Hurricane Irma

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Hurricane Irma was a Category 5 hurricane in 2017, the 9th named storm, 4th hurricane, 2nd major hurricane, and a 1st Category 5 hurricane of the hyperactive 2017 Atlantic hurricane season. Irma is also the 4th consecutive hurricane of the 2017 Atlantic hurricane season—after Franklin, Gert, and Harvey. The storm threatened the Leeward Islands, Virgin Islands and Puerto Rico. Irma was also forecast to threaten the East Coast of the United States, but later forecast to hit Southwest Florida.[1]

Irma was the first major hurricane to develop in the eastern Atlantic since Hurricane Julia in 2010. The storm developed on August 30, 2017 near the Cape Verde islands. On September 5, 2017, the storm became a Category 5 hurricane. It had maximum sustained winds of 185 miles per hour since Hurricane Wilma in twelve years earlier. As it hit landfall, Irma went down to a Category 2 hurricane. Irma was the easternmost Category 5 hurricane on record in the Atlantic Ocean.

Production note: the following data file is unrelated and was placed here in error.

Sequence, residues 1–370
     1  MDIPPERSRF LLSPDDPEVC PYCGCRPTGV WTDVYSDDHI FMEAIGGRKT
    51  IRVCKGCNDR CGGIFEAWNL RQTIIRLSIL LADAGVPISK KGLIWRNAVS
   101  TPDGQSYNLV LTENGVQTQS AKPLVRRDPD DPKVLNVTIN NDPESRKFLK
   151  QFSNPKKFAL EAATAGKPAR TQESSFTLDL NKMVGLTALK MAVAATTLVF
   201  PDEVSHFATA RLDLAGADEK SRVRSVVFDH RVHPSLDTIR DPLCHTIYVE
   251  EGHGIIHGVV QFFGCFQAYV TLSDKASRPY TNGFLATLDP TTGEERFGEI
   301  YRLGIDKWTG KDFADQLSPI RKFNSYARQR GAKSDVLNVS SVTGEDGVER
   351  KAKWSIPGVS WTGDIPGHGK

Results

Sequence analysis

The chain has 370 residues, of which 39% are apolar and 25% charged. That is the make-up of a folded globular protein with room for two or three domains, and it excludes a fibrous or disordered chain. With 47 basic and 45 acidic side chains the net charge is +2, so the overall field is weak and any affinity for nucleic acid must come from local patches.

Hurricane or tropical storm watches and warnings were issued from Haiti to Dominica.

Hurricane Irma inflicted $64 billion worth of damage especially in Florida after making landfall in Florida.

Due to significant amount of damage and loss of life from the storm especially in Florida, the name Irma was retired in April 2018 by the World Meteorological Organization, and it was replaced with Idalia for the 2023 Atlantic hurricane season.

References[change | change source]

  1. "Powerful Hurricane Irma Could be Next Weather Disaster". CNN. Retrieved September 5, 2017.